Alexander von Humboldt and the United States: Art, Nature and Culture is the first exhibition to examine Humboldt’s impact on five spheres of American cultural development: the visual arts, sciences, literature, politics and exploration, between 1804 and 1903. It will be on view at the Smithsonian American Art Museum’s main building September 14 through January 3, 2021. The museum is the sole venue for the exhibition. It is organized by Eleanor Jones Harvey, senior curator at the museum.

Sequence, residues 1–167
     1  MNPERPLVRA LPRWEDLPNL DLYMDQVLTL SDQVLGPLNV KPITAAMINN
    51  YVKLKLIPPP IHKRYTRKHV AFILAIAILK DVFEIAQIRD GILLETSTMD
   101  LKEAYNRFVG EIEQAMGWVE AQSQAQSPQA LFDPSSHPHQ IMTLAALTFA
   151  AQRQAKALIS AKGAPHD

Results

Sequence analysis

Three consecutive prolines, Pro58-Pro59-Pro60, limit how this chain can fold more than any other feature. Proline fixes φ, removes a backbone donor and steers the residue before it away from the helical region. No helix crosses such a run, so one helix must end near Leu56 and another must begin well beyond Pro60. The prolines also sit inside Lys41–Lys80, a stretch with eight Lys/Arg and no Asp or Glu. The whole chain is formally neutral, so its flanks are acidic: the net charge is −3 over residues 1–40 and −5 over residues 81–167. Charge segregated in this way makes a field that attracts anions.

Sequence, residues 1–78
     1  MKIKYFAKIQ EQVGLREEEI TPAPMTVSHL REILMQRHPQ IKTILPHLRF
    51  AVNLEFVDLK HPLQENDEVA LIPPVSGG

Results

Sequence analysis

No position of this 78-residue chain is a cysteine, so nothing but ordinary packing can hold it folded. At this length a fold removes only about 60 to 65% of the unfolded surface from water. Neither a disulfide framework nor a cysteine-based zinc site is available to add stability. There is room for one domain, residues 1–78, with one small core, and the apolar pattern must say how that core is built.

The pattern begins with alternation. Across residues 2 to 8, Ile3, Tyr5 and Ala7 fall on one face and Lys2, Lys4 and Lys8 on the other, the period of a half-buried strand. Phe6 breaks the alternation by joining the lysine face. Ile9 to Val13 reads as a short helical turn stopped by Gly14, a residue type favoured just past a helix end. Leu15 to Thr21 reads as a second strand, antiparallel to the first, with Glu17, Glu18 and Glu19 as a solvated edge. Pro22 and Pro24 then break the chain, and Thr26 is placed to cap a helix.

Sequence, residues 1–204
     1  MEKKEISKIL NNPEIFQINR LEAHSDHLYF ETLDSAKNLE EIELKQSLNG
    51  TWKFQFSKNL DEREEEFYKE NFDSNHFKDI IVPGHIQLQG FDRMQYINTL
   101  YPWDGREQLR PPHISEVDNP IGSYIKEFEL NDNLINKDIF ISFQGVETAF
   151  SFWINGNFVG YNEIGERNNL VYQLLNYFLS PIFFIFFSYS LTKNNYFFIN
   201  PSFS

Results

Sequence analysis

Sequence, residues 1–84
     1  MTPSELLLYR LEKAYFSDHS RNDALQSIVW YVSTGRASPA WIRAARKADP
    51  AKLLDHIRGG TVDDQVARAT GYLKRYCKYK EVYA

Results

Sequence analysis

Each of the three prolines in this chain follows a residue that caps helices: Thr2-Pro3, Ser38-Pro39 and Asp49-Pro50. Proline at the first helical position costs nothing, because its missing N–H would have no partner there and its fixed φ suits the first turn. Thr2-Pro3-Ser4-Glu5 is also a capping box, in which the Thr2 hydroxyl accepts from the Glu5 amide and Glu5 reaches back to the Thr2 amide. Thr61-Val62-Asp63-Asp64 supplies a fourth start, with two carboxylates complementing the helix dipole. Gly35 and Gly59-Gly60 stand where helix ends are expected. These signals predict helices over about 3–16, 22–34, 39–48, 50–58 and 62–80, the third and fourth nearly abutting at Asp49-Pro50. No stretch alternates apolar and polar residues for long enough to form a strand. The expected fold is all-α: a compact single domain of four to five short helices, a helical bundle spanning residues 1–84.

Humboldt (1769–1859) was a renowned Prussian naturalist and explorer and one of the most influential figures of the 19th century. He lived to his 90th year, published more than 36 books, traveled across four continents and wrote well over 25,000 letters to an international network of colleagues and admirers. In 1804, after traveling five years in South America and Mexico, Humboldt spent six weeks in the United States. In these six weeks, Humboldt—through a series of lively exchanges of ideas about the arts, science, politics and exploration with influential figures such as President Thomas Jefferson and artist Charles Willson Peale—shaped American perceptions of nature and the way American cultural identity became grounded in the natural world.